The message is that fiction like Ivan Ilyich possesses a verisimilitude to life we recognize and an actual character who breaks down and dies, slowly, through story-time, while the nonfiction Confession shapes the verisimilitude of thought, the analytical riding on didactic summary and blatant assertion. Both types of writing (they can be equally emotional and purgative) feel necessary from Tolstoy — while exhausting one form, he seems to invite the other.

Narrative is what I find missing in Confession, scenes and torments from Tolstoy’s life, which, of course, got into his fiction and which, for better or worse, I’ve grown accustomed to reading in the contemporary memoir. If only he had shown us the depth of his suicidal despair, the effect on himself and others when he cheated them in gambling, when he felt hollowed out by his adultery (“of every kind”), when he killed a man in a duel — in short, narrative drama might have been more persuasive than exposition. As a result, we might have sympathized with the moral disease he suffers in Confession — as we do with Ivan Ilyich. (And as we do with Ivan in The Brothers Karamazov.) I sympathize not with the meaning of Ilyich’s struggle; I sympathize with the felt struggle itself. For example, in a moment of physical pain (he doesn’t know he has cancer), he says:

It’s not a case of the appendix or of the kidney, but of life … and death. Yes, I had life and now it’s passing, passing, and I can’t hold it back. That’s it. Why deceive oneself. Isn’t it obvious to everyone but myself that I am dying, and it’s only a question of the number of weeks, days — maybe now.

I feel the fact of Ilyich’s dying terrorize him. And that terror expresses itself, in Tolstoy’s handling, as a contentious belief Ilyich cannot shake. As long as we are alive, death cannot transform us. There is no death, an idea Tolstoy or any of us want to believe. It doesn’t matter that we are deceiving ourselves; we need to avoid death’s psychic pain. But Ilyich is bursting with psychic pain. So, too, we feel, is Tolstoy himself. Religions say there’s no end, but we know there is. Despite our belief in a resurrected Christ and the immortality we are promised, the sight of death insists that death is final. Tolstoy refused to mute the existential turmoil of his literary character. And if Ilyich couldn’t settle that turmoil, neither could Tolstoy. His way forward was to shift forms and go deeper in his next venture, a play, The Power of Darkness.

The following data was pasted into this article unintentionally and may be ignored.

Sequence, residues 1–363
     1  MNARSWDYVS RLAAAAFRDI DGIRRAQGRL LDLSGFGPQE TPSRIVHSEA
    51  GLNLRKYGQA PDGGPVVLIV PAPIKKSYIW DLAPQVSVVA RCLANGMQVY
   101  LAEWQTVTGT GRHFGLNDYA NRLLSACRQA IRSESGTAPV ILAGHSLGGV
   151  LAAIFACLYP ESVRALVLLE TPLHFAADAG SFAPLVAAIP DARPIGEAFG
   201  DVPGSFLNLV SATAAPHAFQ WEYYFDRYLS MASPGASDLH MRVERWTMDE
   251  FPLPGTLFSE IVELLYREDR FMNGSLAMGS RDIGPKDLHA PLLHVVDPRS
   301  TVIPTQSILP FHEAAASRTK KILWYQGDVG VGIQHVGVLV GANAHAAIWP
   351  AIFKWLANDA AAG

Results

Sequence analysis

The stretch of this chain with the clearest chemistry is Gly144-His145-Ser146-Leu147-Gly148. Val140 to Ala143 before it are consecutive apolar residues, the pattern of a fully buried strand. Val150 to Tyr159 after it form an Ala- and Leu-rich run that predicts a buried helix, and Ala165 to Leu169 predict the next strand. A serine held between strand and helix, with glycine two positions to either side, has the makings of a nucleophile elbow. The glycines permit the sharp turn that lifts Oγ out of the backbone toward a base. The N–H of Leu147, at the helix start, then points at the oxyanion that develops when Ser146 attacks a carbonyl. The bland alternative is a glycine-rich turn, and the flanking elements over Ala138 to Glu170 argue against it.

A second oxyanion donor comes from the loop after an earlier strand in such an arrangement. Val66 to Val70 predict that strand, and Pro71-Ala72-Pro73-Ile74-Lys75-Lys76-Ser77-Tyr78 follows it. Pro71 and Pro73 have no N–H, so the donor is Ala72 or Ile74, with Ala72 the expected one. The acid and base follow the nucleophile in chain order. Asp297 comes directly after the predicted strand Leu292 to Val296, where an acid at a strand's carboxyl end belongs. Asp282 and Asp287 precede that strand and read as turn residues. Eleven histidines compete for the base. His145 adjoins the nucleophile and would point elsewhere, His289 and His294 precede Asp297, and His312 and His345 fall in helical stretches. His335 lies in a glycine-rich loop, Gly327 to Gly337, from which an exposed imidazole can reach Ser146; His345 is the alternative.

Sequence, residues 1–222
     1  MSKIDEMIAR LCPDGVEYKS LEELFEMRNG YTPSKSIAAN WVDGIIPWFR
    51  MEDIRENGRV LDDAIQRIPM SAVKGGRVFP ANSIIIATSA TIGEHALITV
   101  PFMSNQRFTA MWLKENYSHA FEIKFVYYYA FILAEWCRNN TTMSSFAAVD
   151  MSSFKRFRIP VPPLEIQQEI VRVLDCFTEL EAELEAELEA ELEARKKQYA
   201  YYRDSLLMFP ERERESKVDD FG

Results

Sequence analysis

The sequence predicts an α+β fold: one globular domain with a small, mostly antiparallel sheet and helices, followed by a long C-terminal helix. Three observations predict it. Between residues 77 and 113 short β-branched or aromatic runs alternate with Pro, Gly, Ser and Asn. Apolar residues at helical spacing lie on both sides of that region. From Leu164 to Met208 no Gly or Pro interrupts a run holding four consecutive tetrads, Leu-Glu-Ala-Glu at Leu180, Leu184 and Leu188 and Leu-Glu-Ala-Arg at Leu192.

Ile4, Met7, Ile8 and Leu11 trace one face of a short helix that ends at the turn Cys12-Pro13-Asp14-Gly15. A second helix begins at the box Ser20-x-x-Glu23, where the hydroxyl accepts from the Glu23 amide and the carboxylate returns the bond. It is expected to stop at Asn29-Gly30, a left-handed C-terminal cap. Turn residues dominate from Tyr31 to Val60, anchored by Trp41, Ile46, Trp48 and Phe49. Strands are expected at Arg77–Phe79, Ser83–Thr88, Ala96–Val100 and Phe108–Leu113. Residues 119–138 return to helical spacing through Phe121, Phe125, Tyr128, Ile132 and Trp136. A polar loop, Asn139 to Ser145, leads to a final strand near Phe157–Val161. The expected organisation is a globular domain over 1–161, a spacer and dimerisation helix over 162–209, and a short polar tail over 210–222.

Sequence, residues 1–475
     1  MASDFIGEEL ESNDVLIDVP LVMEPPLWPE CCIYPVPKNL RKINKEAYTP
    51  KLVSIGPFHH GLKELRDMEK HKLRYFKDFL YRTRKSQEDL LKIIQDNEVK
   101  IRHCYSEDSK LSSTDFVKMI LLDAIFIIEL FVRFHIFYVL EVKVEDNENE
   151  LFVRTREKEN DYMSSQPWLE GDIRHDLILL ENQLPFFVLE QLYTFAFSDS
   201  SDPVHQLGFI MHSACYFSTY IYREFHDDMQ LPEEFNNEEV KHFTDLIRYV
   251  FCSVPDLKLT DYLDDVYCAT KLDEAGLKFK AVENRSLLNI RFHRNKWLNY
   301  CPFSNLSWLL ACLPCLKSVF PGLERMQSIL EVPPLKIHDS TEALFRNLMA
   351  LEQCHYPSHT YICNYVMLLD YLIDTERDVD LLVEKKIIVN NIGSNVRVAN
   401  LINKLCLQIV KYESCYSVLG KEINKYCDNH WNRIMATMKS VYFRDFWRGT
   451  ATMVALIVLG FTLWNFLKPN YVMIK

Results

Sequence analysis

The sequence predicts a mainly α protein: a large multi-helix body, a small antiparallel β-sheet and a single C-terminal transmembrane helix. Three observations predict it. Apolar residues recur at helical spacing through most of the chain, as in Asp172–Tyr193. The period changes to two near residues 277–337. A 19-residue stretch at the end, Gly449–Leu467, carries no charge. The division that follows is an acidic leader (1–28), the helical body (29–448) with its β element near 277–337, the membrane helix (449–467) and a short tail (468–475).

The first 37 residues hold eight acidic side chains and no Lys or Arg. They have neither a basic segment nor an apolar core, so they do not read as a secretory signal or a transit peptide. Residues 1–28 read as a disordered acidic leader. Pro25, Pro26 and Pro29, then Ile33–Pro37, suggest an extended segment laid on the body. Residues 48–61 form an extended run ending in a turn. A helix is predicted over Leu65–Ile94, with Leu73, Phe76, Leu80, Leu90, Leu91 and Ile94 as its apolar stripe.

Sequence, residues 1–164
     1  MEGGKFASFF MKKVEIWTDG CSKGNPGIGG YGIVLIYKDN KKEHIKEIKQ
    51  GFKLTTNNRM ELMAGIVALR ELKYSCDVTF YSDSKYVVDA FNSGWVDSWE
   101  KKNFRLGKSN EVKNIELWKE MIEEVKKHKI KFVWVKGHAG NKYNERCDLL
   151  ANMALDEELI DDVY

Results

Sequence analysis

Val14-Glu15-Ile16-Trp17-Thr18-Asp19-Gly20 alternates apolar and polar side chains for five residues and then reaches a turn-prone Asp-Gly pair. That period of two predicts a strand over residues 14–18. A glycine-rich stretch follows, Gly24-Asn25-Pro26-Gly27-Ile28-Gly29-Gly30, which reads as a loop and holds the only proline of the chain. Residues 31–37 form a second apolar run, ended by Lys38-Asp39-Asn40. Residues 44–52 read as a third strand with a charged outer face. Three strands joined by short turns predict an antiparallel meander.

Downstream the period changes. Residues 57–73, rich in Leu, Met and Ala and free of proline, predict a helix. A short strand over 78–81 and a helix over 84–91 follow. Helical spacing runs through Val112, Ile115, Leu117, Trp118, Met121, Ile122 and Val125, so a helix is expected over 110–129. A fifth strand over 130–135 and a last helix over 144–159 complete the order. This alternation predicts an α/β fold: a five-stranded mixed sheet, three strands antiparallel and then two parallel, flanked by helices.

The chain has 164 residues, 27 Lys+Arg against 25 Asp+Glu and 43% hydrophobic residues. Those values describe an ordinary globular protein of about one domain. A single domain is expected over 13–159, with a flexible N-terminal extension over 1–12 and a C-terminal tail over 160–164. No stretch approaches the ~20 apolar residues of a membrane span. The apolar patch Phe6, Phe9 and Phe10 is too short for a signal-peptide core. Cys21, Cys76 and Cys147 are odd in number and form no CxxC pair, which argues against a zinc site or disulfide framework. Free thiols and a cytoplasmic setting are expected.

The more I study Confession, the more apparent Tolstoy’s conflicts become. (He becomes less a religious author than a spiritual one — less dogmatic and more interesting to read as he interrogates his leaky faith.) On one hand, I could fault Tolstoy, in this book, for abandoning the drama of narrative propulsion. On the other hand, I recognize the book he has written represented a major risk: to argue for uncertainty and identify faith-based deception in oneself and in the state was apostasy.